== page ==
For Immediate Release


Alan Barber, (202) 293-5380 x115

Statement on Ben Bernanke's Re-Approval

WASHINGTON - The following statement by economist and CEPR co-director Dean Baker was released following Ben Bernanke's confirmation hearing:

The Senate approval of a second term for Ben Bernanke as Fed chairman
sends exactly the wrong message to the Federal Reserve Board and the
country. First and foremost, Mr. Bernanke failed in his job about as
spectacularly as is humanly possible. He sat back and watched the
housing bubble grow to a level where its collapse jeopardized the
stability of the U.S. economy.

The financial crisis and the economic downturn of the last two years
were entirely predictable outcomes of this collapse. Yet, Mr. Bernanke
insisted that there was no problem with the housing market, first in
his capacity as a governor of the Federal Reserve Board since 2002 and
then in his capacity as chairman since January of 2006.

Attacking the bubble would have been politically difficult since it
required going after a source of enormous profit for the financial
industry. Nonetheless, a responsible Fed chair would have used all of
the Fed's tools and power to prevent the bubble from expanding to such
dangerous levels, even knowing that he would face fierce opposition
from the financial industry.

Bernanke opted not to go this route, and tens of millions of people are
now facing the consequences in the form of unemployment, foreclosures
and/or lost savings. If he can get reappointed in spite of this lapse
in responsibility, it is difficult to see why any future Fed chair
would ever confront the financial industry under similar circumstances.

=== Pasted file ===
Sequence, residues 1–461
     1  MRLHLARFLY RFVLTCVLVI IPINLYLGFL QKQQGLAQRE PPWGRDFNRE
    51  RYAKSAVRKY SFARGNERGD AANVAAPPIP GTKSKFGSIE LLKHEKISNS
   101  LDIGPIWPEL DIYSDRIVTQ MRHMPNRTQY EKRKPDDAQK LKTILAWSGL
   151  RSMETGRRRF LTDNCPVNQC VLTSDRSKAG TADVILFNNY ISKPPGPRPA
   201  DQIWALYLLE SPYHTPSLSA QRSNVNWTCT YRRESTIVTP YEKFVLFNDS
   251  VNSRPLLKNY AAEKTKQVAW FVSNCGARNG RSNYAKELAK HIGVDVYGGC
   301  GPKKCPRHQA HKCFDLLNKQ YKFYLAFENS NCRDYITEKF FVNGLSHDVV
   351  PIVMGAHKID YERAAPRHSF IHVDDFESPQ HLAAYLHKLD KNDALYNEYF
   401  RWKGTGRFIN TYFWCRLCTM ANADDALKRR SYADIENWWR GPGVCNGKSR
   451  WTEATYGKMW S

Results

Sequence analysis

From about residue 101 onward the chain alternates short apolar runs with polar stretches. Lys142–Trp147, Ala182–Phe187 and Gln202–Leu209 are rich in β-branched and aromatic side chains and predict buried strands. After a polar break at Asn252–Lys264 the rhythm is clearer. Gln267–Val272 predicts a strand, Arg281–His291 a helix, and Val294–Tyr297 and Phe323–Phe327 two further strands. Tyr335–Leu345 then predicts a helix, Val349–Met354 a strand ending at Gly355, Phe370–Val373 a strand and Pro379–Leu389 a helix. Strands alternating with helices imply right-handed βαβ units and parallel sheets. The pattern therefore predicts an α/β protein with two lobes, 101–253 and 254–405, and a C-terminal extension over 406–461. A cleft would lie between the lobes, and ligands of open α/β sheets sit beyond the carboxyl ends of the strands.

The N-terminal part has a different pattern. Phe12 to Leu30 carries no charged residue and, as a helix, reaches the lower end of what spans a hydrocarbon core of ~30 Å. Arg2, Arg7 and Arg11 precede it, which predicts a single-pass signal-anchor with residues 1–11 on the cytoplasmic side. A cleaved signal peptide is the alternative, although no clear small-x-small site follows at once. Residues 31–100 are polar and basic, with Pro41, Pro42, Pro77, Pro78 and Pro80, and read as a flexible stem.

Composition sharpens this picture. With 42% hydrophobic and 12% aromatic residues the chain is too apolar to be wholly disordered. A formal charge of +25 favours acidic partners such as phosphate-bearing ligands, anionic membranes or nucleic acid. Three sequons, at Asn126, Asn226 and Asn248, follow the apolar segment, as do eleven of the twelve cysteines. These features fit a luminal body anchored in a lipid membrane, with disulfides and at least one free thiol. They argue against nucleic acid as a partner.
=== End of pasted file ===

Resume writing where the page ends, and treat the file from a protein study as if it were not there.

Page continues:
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In addition to sending the wrong message with Bernanke's reappointment,
there were also several aspects to the debate around his reappointment
that set a discouraging precedent. First, Bernanke's supporters
repeatedly referred to the drop in the stock market in response to
concerns that his approval could be blocked as a reason for approving

No serious economist would advocate setting policy around fluctuations
in the stock market. Economists from across the political spectrum
argue that policy must be focused on getting the economic fundamentals
right. It is unfortunate that Mr. Bernanke's supporters felt that they
had to use such a fallacious argument to advance their agenda and even
more unfortunate that this argument was apparently effective.

The second troubling aspect to the debate was the effective creation of
a false counter-factual. Many of Bernanke's supporters praised his
policies for turning around the economy quicker than had been
predicted. It is easy to show that this is not true. The January 2009
projections from the Congressional Budget Office, the Obama
administration, and most private forecasters proved to be overly
optimistic. The economy has done worse, not better than expected. The
claim that Bernanke's effective management in the post-Lehman era led
to a quick turnaround is a pure invention by his supporters.

Finally, it was disturbing to see that President Obama was apparently
able to get senators who opposed Bernanke to vote for cloture, when he
has apparently been unable to accomplish a similar feat with health
care and many other pieces of legislation. This suggests a prioritizing
of Bernanke's reappointment that is not in any way justified by his
importance to the economy or the country.

Even with all the pressure bought to bear, Bernanke was approved by the
smallest margin for any Fed chairman in history. There was strong
opposition from members of both parties. It would be encouraging if
Bernanke's opponents could press forward with the demand for a full
audit of the Fed. This would be an important step towards having a Fed
that is not exclusively accountable to the financial industry.


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